My Quest To Teach

November 4, 2016

The Humanity of Fatherhood

The Humanity of Fatherhood
William Jackson, M.Edu
Edward Waters College
@wmjackson #MyQuestToTeach

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Chinua Achebe, “We cannot trample upon
the humanity of others without devaluing our
own.” The Igbo, always practical, put it
concretely in their proverb:
Onye ji onye n’ani ji onwe ya:
“He who will hold another down in the mud
must stay in the mud to keep him down.”
The Education of a British-Protected Child: Essays

“Fathers, it is time to lift our children, our families,
our culture, our communities from the mud
of poverty, death and destruction.”
William Jackson – My Quest To Teach

Watching the media and the continued deaths
of young men and young women, fathers have
a choice to be a blessing or a curse to their
children, to embed humanity into their process
of raising their families. To lead them to a life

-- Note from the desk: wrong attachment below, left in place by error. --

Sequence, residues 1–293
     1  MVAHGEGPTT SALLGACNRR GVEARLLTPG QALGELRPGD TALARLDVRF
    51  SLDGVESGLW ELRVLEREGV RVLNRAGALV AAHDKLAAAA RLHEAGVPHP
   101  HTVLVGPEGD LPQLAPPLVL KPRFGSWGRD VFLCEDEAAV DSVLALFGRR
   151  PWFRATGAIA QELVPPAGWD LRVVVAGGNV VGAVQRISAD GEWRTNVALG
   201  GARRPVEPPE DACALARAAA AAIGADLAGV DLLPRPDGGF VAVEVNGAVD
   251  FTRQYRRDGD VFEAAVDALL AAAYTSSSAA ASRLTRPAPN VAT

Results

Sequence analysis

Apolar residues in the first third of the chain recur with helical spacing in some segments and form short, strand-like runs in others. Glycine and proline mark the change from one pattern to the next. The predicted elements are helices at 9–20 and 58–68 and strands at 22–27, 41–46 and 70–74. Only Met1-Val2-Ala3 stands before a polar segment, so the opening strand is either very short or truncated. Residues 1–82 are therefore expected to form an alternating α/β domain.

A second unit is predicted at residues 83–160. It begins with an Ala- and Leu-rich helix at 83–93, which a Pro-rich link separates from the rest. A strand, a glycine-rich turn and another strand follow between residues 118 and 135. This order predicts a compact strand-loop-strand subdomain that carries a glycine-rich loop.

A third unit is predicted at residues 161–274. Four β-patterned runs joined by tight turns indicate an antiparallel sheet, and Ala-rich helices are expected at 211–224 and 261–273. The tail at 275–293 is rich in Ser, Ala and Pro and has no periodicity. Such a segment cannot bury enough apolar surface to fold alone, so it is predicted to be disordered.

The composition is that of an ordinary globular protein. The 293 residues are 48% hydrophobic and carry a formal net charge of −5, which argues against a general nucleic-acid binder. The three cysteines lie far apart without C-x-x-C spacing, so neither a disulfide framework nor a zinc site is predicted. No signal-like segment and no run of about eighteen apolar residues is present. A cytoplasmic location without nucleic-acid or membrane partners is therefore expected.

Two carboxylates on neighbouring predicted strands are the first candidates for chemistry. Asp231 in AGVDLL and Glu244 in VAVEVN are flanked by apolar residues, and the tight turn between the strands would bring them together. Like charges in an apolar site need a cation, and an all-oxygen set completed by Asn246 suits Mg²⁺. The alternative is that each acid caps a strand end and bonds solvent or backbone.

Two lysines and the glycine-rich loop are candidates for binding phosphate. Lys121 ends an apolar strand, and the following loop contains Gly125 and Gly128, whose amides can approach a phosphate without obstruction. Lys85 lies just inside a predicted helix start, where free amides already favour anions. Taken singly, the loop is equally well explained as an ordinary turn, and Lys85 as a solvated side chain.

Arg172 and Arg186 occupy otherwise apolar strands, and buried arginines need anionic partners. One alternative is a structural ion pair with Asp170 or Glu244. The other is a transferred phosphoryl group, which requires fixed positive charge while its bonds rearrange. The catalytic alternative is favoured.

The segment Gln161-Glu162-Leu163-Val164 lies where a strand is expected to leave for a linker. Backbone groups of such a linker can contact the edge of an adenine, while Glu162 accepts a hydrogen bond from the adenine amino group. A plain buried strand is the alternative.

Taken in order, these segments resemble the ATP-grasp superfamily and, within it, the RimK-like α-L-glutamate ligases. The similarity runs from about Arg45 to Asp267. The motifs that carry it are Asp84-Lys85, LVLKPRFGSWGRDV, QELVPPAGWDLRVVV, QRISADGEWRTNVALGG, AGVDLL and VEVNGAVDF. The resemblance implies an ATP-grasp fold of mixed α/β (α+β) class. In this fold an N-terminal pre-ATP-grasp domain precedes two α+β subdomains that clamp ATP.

of safety and growth or condemn them to
potential sentences of poverty, lack of
educational success and a societal voice of
silence.

Fathers are supposed to be the foundation,
the rock that their families can stand on during
the storms of life and the challenges that they
will face. The national deaths by violence of
children of color and culture are a signal that
too many fathers are not doing their jobs,
importantly too many men are not parenting,
fathering, guiding and mentoring. Too many
are talking, their lips are moving, but their feet
and hearts are standing still. There is work to
do in their communities, but too many fathers
are counterproductive and adding to the
troubles their communities are facing.

 

 

 

Fathers are influential in the social and
educational directions of their children, they set